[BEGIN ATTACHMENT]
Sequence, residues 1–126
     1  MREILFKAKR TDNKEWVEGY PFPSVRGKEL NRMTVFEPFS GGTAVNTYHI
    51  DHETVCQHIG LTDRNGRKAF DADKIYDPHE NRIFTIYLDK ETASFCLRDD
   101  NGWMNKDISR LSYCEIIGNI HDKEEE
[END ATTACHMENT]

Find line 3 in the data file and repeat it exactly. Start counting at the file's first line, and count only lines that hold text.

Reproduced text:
    51  DHETVCQHIG LTDRNGRKAF DADKIYDPHE NRIFTIYLDK ETASFCLRDD